CS Education Research

Flipped Classrooms

Flipped (inverted) classrooms are being increasingly employed across secondary and higher education. The basic idea is to have students consume informational content outside of class, typically through short video lectures, and then have students participate in active learning activities in class (replacing the lecture time) where the students can get help applying the content to problem sets from peers, TAs and professors.

I have been teaching in the flipped classroom style for four years, and I can’t imagine ever going back to lecturing. Along with other faculty in our college, I continue to collect survey and focus group data about the impact of this style of teaching. The interesting research questions in this area relate to the long-term impact of large-scaled flipped classroom learning. As we move the majority of our core courses to this model, how does it change students’ expectations of learning? Does this really make them into life-long learners? Do they take more responsibility for their own learning?

Lightweight Teams

I came up with the idea of lightweight teams when I was designing a new first-year programming class. I had been learning about the benefits of team-based learning and I really wanted the first year students in our college to get the social interaction and communication practice associated with team-based learning. However, I knew from experience that students hate being put into teams or groups for big projects – they always stress about their teammates’ contributions and possible consequences for their grades. So I decided to create long-term teams that would avoid the grade stress.

Lightweight Teams Definition: a small team of students assigned to work with each other all semester long, in a fixed seating plan, but who only work together in the classroom on low-stakes activities that have little or no impact on final grades.

Lightweight Teams work really well for large first-year and second-year flipped classrooms, providing a consistent structure that is more self-sustaining. By sitting with the same group of students each week, students face social pressure to come to class prepared. Students also make friends within their discipline, which should help with program retention, by providing social integration and a support network when they hit more difficult courses later in the degree. Lightweight teams give students significant, sustained practice at social interaction and in discipline-specific communication. We also believe that lightweight teams will help scaffold teamwork skills for later courses in which high-stakes group projects are suitable. One of the interesting research questions is what should middle-year, middle-weight teams look like?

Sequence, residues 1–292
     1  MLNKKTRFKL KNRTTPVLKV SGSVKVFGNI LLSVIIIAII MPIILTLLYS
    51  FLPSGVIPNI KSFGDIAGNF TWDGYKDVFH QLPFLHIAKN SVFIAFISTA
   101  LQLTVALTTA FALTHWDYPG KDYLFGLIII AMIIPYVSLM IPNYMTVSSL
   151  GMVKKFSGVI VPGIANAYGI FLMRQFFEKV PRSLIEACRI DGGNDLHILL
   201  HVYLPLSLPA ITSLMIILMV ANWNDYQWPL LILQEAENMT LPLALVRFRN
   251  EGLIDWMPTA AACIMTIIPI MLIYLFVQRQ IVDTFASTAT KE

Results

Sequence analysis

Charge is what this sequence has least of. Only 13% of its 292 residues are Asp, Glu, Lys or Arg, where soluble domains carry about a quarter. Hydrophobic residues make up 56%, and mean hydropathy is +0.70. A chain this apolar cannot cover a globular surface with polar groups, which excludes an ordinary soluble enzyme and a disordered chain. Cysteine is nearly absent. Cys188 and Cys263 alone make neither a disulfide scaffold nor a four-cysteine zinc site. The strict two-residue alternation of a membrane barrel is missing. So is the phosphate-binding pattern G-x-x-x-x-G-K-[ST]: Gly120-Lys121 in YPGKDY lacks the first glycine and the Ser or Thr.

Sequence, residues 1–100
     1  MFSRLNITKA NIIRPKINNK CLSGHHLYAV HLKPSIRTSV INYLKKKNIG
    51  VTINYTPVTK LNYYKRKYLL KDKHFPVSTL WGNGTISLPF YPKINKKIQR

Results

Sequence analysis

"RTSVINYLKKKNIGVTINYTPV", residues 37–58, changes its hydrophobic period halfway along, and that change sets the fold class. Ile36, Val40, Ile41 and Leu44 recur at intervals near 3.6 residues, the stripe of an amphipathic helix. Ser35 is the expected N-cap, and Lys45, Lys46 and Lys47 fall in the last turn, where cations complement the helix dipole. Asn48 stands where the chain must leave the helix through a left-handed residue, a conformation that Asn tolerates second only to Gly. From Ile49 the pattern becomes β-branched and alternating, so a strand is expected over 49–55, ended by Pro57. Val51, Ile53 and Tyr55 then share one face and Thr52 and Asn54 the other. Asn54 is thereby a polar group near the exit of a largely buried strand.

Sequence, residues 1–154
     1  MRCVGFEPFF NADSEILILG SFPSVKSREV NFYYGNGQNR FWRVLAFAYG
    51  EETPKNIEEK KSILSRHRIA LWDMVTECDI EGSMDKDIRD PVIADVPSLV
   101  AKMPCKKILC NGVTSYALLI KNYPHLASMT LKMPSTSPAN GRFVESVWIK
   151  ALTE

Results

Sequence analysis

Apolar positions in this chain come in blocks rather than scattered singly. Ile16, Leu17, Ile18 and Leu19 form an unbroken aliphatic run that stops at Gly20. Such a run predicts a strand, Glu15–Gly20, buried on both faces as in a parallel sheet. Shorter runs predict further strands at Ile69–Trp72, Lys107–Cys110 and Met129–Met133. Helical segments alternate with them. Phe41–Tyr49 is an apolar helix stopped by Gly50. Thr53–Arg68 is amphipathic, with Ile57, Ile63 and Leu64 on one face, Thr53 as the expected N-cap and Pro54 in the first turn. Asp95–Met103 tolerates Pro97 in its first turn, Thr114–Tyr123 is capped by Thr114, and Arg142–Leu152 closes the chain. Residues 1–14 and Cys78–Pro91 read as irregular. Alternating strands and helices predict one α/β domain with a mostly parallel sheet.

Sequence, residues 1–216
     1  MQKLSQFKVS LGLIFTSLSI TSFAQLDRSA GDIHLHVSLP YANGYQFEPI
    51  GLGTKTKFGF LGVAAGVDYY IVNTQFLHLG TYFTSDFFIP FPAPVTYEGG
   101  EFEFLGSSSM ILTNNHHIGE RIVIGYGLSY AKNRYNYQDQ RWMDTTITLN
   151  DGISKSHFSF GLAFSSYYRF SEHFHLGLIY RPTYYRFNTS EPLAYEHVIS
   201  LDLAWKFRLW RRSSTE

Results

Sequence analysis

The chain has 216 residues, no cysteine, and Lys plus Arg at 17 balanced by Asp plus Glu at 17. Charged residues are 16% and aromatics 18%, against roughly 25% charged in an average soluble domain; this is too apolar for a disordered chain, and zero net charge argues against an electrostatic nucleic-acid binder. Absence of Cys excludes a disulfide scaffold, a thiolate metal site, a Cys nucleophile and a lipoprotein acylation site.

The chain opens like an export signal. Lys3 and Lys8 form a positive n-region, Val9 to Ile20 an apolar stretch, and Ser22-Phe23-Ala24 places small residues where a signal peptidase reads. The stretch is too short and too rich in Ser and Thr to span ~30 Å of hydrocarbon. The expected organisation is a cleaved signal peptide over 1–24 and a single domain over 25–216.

Sketching & Spatial Skills

We have begun requiring students in our intro programming classes to have sketchbooks. We are integrated a variety of sketching activities into these classes as a way to help students construct their own visual understandings of various programming and computing concepts. We are studying how this impacts their learning. More recently, based on the idea that learning spatial skills can close the achievement gap in engineering (see Cooper et al’s. paper in ICER 2016), we are studying how teaching spatial skills can improve learning in CS.

Video Collaboratory

The Video Collaboratory is a web-based tool for small group collaboration around video documents. The tool supports fine-grained analysis and annotation of videos in a private forum. While originally created to support the creative process of dance production, it is now being used in education to support flipped classroom learning. By placing the content videos in the Video Collaboratory, professors can include discussion prompts, see student comments linked to particular parts of the video and understand what parts of the video are generating the most questions and discussions. Students can slow down, speed up, and sketch on the video frames. The system can also be used for video projects and is particularly suited to peer critiquing of video projects. We continue to investigate how this system can support educational engagement in the video age, and to study how lightweight teams can best be supported by the platform.

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